I thought he was going to say I was mad and my ds was fine but he pronounced - yes aspergers - not barn door but his speech is pedantic and monotone - I was then a bit hurt as they seemed to be laughing and joking - then I noticed the consultant was wearing a hearing aid.

I am dubious about his assessment - it was mostly based on my subjective answers - since then and reading TonyAttwood I can see my ds has problems - but I'm not convinced a hard of hearing elderly consultant could spot them in half an hour.

Claw3 Wed 03-Aug-11 07:53:21

Wetaugust, has some good points, the going from one Paed to another for years is exactly what happened to us. Most paed's are nothing more than children GP's. This is where all the 'bad parenting' comes from. Others look at this and think you been to see various paed's and still no dx, must be bad parenting. I eventually made an official compliant which intially made the allegations worse, as if i was pushing to label a child who had nothing wrong with him.

I was referred to CAMHS, although this was suppsed to be for ds, i am not an idiot and could tell by the questioning i was there to assess my parenting skills.

I applied for a Statement pre-dx and the LA even 'referred' us to SS. I suspect once the SS are involved, getting a dx would be almost impossible.

Although no 'official' alleagations were made, i could see where this was heading.

The sad thing is that most parents starting on the road to dx, dont know the first thing about it and the very people you expect to guide you, are often the people making allegations, because they do not know the first thing about it either.

The minute i was refered to a Paed who specialised in ASD, he could tell after our first appointment, that ds had autism and had a dx within 6 months. It took us 5 years.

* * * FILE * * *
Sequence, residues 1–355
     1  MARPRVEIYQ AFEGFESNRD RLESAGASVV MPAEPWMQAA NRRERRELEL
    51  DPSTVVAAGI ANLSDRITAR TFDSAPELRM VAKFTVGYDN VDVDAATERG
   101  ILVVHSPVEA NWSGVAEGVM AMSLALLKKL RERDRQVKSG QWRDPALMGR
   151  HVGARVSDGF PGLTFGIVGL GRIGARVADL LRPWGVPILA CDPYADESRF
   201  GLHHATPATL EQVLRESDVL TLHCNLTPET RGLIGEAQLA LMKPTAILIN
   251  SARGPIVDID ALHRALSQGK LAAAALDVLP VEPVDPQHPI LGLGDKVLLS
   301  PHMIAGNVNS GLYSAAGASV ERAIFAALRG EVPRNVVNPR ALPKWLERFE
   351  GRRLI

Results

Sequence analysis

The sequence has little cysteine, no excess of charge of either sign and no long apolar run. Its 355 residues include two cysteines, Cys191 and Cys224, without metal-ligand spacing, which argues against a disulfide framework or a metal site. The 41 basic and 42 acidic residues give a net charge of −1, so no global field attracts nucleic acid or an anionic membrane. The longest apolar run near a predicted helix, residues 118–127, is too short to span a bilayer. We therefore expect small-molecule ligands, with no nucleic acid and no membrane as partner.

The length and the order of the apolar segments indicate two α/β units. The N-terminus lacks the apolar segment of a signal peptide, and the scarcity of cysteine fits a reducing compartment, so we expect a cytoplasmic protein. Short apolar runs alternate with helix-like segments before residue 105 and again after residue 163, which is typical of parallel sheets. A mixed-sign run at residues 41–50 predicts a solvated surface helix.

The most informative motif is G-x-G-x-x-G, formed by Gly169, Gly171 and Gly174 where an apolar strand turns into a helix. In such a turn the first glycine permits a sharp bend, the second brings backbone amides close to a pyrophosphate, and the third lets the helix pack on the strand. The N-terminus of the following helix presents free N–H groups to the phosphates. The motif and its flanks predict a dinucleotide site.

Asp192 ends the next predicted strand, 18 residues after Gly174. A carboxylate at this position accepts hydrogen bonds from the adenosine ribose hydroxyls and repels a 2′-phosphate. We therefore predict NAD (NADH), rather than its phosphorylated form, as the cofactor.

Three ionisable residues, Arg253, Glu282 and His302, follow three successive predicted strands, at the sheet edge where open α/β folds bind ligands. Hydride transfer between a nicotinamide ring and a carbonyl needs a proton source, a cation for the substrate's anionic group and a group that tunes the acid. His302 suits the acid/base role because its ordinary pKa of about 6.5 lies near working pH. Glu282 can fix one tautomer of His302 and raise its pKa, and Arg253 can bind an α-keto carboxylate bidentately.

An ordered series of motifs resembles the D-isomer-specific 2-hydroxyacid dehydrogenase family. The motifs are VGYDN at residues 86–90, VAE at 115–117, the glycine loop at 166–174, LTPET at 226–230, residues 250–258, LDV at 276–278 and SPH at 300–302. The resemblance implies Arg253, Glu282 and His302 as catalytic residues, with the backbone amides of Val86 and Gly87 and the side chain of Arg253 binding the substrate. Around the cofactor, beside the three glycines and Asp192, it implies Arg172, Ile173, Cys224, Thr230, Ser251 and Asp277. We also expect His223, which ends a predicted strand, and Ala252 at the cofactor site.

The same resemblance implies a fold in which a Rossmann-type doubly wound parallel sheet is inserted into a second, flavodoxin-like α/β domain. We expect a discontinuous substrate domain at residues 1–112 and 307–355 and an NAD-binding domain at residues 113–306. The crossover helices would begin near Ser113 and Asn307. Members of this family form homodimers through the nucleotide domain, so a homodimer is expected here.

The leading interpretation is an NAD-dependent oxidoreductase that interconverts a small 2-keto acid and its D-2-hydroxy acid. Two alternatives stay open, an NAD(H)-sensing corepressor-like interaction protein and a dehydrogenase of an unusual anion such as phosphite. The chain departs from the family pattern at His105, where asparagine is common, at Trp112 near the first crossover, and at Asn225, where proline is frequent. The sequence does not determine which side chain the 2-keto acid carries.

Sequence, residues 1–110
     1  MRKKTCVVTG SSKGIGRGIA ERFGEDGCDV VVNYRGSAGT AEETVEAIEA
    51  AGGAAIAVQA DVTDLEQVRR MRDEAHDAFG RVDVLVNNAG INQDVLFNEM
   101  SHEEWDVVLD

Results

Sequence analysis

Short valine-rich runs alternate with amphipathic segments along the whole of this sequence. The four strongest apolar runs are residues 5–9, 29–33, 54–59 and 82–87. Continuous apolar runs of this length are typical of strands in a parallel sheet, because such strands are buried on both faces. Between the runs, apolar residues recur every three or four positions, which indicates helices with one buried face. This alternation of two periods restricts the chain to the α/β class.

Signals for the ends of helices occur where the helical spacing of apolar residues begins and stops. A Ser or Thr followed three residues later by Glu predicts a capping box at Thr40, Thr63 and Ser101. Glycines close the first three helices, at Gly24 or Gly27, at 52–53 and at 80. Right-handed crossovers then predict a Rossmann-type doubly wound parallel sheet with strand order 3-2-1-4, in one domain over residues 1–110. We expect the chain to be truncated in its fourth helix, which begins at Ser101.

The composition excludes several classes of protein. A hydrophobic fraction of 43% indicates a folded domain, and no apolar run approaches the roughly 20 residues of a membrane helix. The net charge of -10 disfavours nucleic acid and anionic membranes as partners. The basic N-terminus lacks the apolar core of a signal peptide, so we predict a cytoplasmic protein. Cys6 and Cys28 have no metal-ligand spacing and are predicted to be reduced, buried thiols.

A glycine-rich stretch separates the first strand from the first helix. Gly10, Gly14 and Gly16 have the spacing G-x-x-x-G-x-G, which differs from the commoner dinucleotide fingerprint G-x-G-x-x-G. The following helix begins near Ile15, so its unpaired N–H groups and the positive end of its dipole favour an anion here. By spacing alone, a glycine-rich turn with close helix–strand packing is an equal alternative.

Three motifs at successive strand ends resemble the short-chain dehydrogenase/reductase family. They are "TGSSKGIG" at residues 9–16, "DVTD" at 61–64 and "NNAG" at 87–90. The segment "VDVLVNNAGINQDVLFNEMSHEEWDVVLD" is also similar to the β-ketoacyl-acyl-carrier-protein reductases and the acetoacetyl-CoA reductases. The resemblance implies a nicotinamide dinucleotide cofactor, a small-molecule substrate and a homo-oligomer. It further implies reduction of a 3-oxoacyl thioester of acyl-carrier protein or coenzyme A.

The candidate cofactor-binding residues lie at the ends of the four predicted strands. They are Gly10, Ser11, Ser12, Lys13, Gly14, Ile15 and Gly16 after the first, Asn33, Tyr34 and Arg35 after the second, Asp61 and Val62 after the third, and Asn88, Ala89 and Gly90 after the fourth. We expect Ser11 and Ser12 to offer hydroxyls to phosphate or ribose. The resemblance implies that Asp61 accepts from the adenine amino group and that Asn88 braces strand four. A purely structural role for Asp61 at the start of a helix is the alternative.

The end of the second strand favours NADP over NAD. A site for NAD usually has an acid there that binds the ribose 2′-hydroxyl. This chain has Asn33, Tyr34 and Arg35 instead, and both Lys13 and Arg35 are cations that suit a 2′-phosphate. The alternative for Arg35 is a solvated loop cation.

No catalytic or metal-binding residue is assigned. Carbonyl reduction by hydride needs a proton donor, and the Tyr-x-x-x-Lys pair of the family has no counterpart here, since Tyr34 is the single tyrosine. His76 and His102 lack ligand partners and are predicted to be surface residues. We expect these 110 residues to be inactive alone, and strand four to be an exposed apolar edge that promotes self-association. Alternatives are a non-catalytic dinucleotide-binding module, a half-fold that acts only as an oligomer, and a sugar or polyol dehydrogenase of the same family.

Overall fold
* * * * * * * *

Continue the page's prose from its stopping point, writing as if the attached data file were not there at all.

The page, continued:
mum0ftw0 Wed 03-Aug-11 10:51:53

You're right, this fear does affect parenting.

My son has a very swollen and bruised arm from trapping it in the door.

I was in a very bad way because I wanted to take him to A+E for an X-RAY, but because we're already being investigated by social services, because one professional decided my son's 'anger' could be the result of domestic abuse.
I was far too terrified to take him to the hospital incase social services went 'ah hah' and decided to use that to support their imaginative theories.

I had people close to us look at his arm, and the general consensus is that it's not broken, and it's recovering well. He hasn't complained that it hurts.

I then did not take him to nursery for a schedules afternoon because of the fear of his injury being reported back as suspicious, so he missed out that afternoon on nursery sad
But we're doing lots of activities anyway.

I hate social services with probably all the hate I have in me.
And that's due to knowing what they're capable of.

mum0ftw0 Wed 03-Aug-11 10:55:57

Obviously, my family and the consultant whose diagnosing my child all know that DS's 'anger' is the result of people getting in his face trying to talk to him when he's suffering from autism, and his reactions are completely normal for someone with his mental disability.

Social services are still on the 'could just be bad parenting' mission though.

They don't know ANYTHING about it, you'd think they might get some training